Shetland Wool Week is almost upon us! I have much to do in preparation — one pleasing task involves knitting with this lovely stuff.

This is Shetland Heritage yarn. It is the result of an exciting collaboration between the Shetland Museum and Archives, the Shetland Amenity Trust, Curtis Wool Direct, and Jamieson & Smith — the idea being to produce a modern yarn as close as possible to that which was originally used to hand-knit traditional Fair Isle garments.

Some of you may remember a post I wrote last year about this Fair Isle cardigan, that I picked up second hand.

Like most traditional Fair Isle garments produced before the 1940s, the yarn used to knit this cardigan was worsted spun. This process — in which the raw wool is combed rather than carded, then drawn short, and spun so that the fibres sit parallel to one another — produces a yarn with a smooth hand, and a very even finish. Many old Fair Isle garments have a slight ‘sheen’ that is the result of the smooth worsted yarns that have been used to knit them.

Like the vintage yarn used to knit my cardigan, the new Heritage Yarn is worsted spun.

Because of the way the fibre has been prepared and processed, this yarn has a much smoother, softer, and overall less “woolly” feel than contemporary knitter would be used to finding in other “Shetland” or Shetland-type yarns.

The palette — which is based on that of early Fair Isle garments in the Shetland Museum — works really well for traditional colourwork patterns. Just take a look at the beautiful swatch towards the end of Jen’s post here — suggesting the promise of great Jen AC things to come!

I mention this yarn, because it is one of the linchpins of this year’s Shetland Wool Week, and because I am about to knit up a something in it myself, which will hopefully form the basis of my workshop at the Shetland Museum. In the coming days, I intend to knit the something and produce a design. Then the idea is that we – the class and I – will collectively model the something, photograph the something, name the something, then upload the something in pattern form to Ravelry, live from the Shetland Museum. This plan is, of course, contingent upon my producing a successful Wool-Week something with this wonderful yarn. Wish me luck! I’m off to get knitting . . .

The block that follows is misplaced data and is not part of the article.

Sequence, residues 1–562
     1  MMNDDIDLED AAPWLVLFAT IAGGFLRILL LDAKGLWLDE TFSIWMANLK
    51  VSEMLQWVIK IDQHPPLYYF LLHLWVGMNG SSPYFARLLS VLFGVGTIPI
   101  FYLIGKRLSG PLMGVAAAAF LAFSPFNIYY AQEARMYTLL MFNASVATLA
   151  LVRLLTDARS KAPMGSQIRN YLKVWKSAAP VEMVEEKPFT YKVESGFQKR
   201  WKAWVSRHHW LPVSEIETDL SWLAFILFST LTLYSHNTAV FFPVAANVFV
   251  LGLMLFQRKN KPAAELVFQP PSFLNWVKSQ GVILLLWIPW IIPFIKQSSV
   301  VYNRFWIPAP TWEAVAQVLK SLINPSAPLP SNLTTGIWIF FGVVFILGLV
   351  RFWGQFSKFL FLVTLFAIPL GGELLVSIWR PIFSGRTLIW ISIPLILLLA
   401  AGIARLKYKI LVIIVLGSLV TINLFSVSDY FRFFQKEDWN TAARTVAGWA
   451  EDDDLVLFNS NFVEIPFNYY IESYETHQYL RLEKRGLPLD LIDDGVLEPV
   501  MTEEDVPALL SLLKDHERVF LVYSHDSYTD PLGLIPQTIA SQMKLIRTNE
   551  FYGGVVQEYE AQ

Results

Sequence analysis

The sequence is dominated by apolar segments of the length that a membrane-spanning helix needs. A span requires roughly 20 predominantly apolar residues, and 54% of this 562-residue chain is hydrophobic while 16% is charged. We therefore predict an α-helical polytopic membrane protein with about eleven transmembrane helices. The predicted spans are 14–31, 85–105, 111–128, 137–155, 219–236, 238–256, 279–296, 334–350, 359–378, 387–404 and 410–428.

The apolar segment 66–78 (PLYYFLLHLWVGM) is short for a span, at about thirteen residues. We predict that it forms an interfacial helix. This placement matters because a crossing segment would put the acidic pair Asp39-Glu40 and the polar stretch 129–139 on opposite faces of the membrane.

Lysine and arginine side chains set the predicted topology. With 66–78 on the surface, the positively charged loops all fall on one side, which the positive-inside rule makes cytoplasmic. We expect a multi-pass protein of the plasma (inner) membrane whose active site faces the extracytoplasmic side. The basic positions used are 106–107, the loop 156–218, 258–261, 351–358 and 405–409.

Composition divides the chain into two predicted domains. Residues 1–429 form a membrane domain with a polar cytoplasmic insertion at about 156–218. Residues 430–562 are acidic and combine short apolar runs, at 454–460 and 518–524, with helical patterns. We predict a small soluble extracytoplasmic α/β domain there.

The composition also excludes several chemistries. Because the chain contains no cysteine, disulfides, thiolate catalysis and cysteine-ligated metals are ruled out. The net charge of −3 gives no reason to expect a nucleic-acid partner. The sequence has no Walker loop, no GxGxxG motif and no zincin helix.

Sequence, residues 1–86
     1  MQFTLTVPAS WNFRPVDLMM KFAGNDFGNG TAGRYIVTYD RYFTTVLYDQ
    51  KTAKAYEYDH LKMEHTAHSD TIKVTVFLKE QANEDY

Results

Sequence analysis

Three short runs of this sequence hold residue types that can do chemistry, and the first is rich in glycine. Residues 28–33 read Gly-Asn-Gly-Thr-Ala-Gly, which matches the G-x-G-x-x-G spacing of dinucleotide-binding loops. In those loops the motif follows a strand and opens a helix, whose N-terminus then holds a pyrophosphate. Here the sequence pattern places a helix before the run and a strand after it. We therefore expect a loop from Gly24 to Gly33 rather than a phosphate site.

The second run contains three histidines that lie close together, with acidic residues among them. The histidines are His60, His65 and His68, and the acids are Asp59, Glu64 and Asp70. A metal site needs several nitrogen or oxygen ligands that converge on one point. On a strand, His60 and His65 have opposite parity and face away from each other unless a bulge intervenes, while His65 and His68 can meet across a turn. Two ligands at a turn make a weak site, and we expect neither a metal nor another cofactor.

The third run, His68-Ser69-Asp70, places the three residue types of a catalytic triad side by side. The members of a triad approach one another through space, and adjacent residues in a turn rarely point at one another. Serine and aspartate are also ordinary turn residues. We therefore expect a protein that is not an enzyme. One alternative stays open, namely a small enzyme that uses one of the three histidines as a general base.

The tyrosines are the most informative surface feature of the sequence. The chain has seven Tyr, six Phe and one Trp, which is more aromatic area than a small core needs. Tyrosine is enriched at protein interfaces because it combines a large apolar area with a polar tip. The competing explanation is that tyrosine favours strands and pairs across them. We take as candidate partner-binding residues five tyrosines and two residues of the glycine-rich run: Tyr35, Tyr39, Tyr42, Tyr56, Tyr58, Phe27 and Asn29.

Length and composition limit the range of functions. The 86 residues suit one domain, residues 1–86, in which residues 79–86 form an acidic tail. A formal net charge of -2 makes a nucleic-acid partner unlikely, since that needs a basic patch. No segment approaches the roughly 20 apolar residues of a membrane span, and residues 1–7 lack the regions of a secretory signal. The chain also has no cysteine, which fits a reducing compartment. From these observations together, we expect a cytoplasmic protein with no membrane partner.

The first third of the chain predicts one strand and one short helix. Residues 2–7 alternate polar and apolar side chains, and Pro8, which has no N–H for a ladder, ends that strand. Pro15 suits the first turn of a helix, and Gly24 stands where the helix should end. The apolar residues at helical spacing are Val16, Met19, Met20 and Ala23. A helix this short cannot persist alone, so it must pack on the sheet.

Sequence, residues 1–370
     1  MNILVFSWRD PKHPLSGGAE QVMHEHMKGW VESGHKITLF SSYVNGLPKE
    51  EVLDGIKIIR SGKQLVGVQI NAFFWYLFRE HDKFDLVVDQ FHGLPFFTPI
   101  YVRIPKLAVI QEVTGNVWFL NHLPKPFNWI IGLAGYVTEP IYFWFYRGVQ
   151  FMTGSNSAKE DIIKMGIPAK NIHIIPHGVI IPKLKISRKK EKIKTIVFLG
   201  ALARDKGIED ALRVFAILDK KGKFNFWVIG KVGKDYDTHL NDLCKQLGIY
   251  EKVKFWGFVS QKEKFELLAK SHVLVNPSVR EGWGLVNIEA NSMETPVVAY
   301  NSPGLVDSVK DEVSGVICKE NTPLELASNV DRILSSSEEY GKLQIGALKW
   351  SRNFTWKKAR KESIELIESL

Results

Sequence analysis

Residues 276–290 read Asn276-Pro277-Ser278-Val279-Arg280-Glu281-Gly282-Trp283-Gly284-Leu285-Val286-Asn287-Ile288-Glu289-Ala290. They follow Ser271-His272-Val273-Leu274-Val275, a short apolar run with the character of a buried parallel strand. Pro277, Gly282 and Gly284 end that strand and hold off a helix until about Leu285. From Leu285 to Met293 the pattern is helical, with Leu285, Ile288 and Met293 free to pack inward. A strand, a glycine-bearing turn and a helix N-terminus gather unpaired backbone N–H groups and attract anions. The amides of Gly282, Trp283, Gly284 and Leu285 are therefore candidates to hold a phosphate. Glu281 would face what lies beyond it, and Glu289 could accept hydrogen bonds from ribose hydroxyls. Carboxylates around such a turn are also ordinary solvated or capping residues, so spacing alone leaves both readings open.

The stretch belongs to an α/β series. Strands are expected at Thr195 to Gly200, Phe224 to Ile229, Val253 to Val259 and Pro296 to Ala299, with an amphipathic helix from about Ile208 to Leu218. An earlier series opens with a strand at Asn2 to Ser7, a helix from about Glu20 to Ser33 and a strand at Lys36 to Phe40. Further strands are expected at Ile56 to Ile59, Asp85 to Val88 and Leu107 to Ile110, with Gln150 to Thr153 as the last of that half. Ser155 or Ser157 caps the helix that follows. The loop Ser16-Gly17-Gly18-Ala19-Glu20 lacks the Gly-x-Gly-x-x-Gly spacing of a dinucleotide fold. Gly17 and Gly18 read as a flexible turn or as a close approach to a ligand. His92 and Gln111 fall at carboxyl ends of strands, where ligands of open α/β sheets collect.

45 thoughts on “preparations

  1. I hope this yarn makes it to the States, because I’d love to find a yarn that could work up into something like your vintage cardigan.

    I wish could come to Wool Week this year – “Next year in Shetland” will have to be my vow.


  2. Your workshop sounds amazing! How fun to model and upload the design together and what a lovely, participatory idea for working together.

    Very interesting to read about the collaboration between the Shetland Amenity Trust, Curtis Wool Direct, Jamieson and Smith, and the Shetland Museum & Archives; I think this sort of collaboration between different stakeholders in WOOL is to be thoroughly encouraged as it really does benefit everyone involved, and results in knitting yarns with a rich and cultured provenance.

    I was thrilled when Susan Crawford and John Arbon worked together with a shepherd and at Cold Harbour Mill to produce the semi-worsted Excelana knitting yarn, because it represents a wonderful joining-up of skills along “the wool chain” between designers, professional spinners of yarn, sheep-people, and Susan’s in-depth textile knowledge.

    I love that Excelana benefits from Susan’s practical skills re: designing vintage patterns, too, and from the look of your post here it seems that Heritage Yarn is being put to fantastic use by you and Jen! It’s so awesome when everyone along the WOOL chain – from shepherds to spinning mills to museums to designers – can work together. The results just have so much depth and interest.